The protection and propagation of forests is deeply rooted in the Indian civilization, while being evident from the existence of sacred groves in the village forests, springs, and peaks. These practices are of ecological and economic value. In the ecological sense, endemic and natural vegetation stabilizes soil and water. Economically, forests provide timber, fodder, fuel, fibre, medicines, oils, and dyes. In Ayurveda, more than 2,000 species of plants, both wild and cultivated were used. The role of trees for both survival and economic well being has created the need for their conservation and was achieved through the concept of sacredness. In the archaeological remains of the Harappan culture, trees were held in high esteem and were worshipped until the third or fourth millennia BC (Shiva, 1991). Planting trees, either for their fruit or for the provision of shade, has been a practice in India since ancient times. For instance, in the Himalayas, people still gather below the Ficus trees for village meetings and discussions. The forest Act of 1927 aroused a new response against the denial of traditional rights of local people. During the 1930s, forest movements started against the exclusive exploitation of the forest for commercial purposes by the British and against the transformation of a common resource into a commodity. This forest movement was successful particularly in this region. In the Himalayan region, local populations are mostly dependent on the forest for fuel, fodder, and timber. In Tilari village of Tehri Garhwal in the Himalaya, several villagers were killed, and hundreds injured on 30 May 1930 due to their protest against the limited use of their community forests. The movements were finally successful in reviving their traditional rights to forest products as recognized privileges. This forest Satyagraha was resorted by Dewan Chadhradhar Juyal in the absence of the King of Tehri. The satyagraha was generally the protest against the legislation imposed by the British administration which transformed the vital common resources into reserved resources for revenue and profit generation.Â Hence, the forest Satyagraha was a response to conflicts for the resources which were needed for the survival of the local people. For successful biodiversity conservation within the complex and changing landscapes of India, one needs to consider not only ecological factors but also socio-economic issues. The shift in biodiversity conservation from a protectionist form of preservation toward one with a sustainable utilization has focused on the need for participation in conservation management. The society will be responsible for the realization of conservation goals, if they are involved in interpretation and implementation. To this end, deliberative decision-making can be useful when people's livelihoods are influenced by conservation actions (White et al. 2005).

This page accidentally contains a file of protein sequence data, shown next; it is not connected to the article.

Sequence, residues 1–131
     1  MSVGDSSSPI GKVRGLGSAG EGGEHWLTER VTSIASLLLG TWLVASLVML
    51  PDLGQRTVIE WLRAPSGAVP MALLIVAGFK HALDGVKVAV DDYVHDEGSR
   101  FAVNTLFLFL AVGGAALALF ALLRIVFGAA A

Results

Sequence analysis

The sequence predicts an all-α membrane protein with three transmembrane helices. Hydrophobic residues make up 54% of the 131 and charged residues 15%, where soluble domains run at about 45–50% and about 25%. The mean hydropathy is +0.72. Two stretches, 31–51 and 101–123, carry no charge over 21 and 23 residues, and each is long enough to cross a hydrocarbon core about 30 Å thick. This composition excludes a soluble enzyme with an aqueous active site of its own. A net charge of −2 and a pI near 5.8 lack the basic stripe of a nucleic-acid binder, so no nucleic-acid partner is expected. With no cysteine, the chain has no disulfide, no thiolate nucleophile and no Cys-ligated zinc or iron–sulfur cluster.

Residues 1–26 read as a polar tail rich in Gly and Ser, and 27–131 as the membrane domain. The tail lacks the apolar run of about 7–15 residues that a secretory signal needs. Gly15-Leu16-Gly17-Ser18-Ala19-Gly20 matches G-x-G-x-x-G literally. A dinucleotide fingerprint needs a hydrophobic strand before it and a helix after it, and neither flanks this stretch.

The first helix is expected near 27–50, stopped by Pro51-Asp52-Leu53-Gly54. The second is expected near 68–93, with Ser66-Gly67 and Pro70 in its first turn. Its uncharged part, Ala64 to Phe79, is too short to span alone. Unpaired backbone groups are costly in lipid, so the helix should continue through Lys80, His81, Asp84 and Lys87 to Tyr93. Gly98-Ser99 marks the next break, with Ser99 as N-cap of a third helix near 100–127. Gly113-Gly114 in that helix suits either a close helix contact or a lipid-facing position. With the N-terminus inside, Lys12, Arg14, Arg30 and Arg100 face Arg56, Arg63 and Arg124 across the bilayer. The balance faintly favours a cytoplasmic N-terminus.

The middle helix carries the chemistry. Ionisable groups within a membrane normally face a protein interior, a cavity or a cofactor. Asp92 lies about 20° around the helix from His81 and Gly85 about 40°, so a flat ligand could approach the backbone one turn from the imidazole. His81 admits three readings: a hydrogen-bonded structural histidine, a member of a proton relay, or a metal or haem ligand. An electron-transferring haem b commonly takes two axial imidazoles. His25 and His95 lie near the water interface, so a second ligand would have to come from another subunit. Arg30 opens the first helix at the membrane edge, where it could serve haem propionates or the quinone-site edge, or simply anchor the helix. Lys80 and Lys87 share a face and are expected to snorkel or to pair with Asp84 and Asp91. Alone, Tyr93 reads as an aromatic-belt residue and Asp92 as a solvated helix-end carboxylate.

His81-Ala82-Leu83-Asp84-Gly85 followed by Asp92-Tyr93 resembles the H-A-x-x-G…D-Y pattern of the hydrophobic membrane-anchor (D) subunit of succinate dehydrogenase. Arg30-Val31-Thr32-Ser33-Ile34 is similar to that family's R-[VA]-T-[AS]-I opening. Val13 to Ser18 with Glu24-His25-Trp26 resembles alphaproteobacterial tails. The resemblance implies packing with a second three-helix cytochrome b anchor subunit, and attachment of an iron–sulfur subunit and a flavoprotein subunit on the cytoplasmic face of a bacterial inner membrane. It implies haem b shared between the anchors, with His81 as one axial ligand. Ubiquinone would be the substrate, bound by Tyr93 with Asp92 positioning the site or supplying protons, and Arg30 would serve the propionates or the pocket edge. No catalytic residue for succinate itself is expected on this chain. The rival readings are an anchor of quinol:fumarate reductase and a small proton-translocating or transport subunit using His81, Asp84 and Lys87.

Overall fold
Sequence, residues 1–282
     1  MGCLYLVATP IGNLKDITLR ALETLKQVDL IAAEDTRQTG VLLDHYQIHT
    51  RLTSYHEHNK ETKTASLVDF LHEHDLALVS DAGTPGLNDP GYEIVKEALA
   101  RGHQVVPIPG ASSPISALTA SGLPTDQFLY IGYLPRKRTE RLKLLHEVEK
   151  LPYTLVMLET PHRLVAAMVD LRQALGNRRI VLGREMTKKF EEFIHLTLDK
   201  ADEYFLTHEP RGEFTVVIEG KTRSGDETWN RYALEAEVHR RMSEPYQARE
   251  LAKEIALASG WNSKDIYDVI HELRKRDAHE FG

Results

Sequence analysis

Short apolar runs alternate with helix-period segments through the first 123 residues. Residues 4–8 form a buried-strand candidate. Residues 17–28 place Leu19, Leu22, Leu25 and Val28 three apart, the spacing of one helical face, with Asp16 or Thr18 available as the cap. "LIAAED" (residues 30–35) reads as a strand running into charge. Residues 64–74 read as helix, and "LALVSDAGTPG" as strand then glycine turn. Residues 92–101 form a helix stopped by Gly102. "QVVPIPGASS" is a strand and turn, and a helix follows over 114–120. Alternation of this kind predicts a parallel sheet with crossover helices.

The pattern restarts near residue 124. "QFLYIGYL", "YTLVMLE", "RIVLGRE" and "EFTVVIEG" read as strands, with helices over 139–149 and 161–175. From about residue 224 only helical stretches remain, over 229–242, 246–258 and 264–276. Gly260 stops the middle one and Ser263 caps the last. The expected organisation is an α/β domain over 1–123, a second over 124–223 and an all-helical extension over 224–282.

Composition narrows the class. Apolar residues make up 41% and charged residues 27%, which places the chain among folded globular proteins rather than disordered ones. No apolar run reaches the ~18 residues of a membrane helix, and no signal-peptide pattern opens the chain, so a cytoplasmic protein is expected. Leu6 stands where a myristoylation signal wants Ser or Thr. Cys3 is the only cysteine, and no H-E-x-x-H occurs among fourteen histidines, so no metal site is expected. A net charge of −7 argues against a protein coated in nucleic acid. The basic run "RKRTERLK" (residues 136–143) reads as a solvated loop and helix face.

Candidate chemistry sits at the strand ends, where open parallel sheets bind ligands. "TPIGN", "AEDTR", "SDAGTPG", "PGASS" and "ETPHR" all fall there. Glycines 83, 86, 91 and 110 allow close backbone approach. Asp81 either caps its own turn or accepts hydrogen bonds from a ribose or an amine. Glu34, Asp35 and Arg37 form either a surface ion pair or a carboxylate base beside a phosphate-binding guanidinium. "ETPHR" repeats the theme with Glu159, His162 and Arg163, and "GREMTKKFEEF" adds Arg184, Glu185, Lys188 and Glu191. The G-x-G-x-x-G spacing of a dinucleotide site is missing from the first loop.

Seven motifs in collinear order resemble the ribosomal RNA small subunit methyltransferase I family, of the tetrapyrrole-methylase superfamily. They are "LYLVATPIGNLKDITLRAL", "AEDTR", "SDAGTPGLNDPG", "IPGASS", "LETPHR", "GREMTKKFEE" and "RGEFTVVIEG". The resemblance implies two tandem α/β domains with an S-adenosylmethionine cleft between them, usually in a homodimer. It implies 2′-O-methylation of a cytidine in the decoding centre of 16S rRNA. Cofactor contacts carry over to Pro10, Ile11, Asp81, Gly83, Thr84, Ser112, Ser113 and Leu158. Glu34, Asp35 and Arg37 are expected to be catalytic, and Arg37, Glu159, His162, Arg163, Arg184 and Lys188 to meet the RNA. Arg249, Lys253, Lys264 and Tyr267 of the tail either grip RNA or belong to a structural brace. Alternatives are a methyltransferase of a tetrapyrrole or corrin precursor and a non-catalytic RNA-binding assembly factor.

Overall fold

In India, conflicts over forest resources can be categorized into a number of phases. Large tracts of forests were reserved by the British for commercial exploitation during the first phase (late 19th and early 20th centuries) for military and other needs which led to forest struggles and forest movements. The forest policy of the year 1952, which promoted the rapid expansion of forest based industries, led to a large-scale felling of natural forests and their conversion to monocultures of commercial species during the second phase. During the second phase (1970s-1980s), Chandi Prasad Bhatt, an activitist in an NGO named Dasholi Swarajya Seva Sangh (DGSS) raised their voices against the government along with the people of Mandal village. In the year 1973, the forest department refused to allot a batch of hornbeam trees from which the local people use to make agricultural implements. To their dismay, the same trees were auctioned to a sporting goods company. The DGSS along with the people of Mandal village in the proximity of the disputed forest threatened to hug the trees instead of allowing the loggers in. Another example of actions against commercial forestry is that the successful Chipko movement was initiated in Chamoli district in Garhwal Himalaya by an illiterate woman named Gaura Devi, as she protested against the tree cutting. She believed that trees are God, as they are needed for survival (eg., fuel and fodder). The third phase was brought in by the wasteland development programs (in 1980s). Plantations were done by the industries on agricultural and village lands due to a lack of raw materials for wood-based industry which then gave rise to conflicts during the eighties (Shiva, 1991). The present time is the fourth phase, as we are looking for energy substitutes or biofuel to replace petroleum products. These energy substitute programs will be supported by major investments in forestry that will lead to forest conflicts in the whole country. Doon valley in Garhwal Himalaya shows an example of how the colonial forest policy replaced traditional management systems of forest use for basic needs with the introduction of commercial forestry.